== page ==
Johnny Reynolds knew that something was wrong as far back as 2003. That's when he first started experiencing extreme fatigue.

"It was like waking up every morning and just putting a person over my shoulders and walking around with them all day long," says Reynolds, 54, who lived in Ohio at the time.

In addition, Reynolds was constantly thirsty and drank so much water that he would urinate 20 or 30 times per day. "And overnight I would probably get up at least eight or nine times a night," he says.

Reynolds was working as a cook, broiling steaks at a small, family-run restaurant in Dayton. From a health insurance standpoint, he was stuck. His job didn't provide it, yet he made too much money to qualify for Medicaid in Ohio. The costs of diabetes aren't all as obvious as an insulin pump.

He was scared that if he went to the doctor he might end up with a huge bill. So despite having all the telltale signs of Type II diabetes, he just kept working. "It was just something that you grin and bear, you know, just go through your daily [routine], get done with what you need to do, and come home and try to get as much rest as you can for the next day," he says.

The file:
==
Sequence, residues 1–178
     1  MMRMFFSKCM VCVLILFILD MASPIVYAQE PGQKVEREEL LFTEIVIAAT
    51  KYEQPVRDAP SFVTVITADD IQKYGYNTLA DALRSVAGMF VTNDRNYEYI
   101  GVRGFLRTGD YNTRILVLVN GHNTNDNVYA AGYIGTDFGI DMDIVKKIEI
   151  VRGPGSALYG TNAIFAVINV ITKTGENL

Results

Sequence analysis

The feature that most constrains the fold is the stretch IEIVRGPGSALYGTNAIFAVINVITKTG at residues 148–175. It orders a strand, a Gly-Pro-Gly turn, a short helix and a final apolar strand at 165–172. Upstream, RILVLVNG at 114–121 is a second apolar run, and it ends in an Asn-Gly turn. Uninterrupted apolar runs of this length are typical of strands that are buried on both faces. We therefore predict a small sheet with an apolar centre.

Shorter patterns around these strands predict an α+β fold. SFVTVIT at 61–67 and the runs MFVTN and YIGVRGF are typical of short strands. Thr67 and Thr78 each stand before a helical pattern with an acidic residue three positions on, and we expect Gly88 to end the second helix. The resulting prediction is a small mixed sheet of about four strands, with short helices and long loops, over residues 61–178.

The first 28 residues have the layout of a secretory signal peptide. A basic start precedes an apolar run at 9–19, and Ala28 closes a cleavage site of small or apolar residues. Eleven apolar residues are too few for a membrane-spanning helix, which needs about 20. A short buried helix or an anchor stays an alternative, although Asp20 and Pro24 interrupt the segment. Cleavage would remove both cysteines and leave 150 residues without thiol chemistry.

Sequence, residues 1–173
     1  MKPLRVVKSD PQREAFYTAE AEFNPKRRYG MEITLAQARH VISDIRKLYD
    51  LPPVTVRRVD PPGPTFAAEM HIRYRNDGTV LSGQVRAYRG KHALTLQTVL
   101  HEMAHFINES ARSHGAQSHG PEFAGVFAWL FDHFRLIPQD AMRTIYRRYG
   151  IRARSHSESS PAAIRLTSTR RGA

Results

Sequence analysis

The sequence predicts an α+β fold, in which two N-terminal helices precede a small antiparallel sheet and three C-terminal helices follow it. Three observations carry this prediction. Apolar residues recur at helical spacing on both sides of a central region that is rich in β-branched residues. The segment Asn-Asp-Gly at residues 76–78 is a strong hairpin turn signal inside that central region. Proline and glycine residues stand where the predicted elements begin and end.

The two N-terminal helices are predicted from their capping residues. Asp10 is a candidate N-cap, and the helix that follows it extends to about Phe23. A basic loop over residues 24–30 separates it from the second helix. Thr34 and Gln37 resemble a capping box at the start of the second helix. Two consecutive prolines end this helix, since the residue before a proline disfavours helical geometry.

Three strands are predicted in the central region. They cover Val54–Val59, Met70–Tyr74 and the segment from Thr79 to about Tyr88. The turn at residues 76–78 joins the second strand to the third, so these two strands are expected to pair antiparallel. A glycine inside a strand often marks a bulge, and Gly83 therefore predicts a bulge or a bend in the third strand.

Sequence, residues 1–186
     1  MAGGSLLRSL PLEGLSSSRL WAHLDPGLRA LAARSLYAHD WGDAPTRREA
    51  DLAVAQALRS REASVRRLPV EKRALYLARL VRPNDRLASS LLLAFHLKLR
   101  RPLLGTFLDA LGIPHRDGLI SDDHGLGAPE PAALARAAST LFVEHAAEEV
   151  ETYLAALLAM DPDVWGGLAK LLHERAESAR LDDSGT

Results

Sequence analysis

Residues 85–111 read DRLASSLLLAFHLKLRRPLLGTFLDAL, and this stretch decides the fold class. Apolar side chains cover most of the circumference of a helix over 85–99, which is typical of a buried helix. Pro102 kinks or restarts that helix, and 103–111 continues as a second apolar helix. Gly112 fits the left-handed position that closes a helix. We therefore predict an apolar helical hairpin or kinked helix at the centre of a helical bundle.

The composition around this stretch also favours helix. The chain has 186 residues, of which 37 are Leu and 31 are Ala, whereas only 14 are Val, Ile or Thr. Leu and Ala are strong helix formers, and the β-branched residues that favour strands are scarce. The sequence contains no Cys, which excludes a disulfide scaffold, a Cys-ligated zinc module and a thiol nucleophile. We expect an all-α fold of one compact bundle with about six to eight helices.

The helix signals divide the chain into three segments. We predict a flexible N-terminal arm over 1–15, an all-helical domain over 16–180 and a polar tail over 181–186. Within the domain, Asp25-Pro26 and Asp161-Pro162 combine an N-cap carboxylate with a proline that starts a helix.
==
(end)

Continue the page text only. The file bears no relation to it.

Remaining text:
Reynolds' situation may sound extreme, but putting off visits to the doctor because you don't have insurance is common, says Dr. Vivian Fonseca, a professor of medicine and endocrinology at Tulane University, in New Orleans. And that's particularly a problem for people with diabetes, he says...

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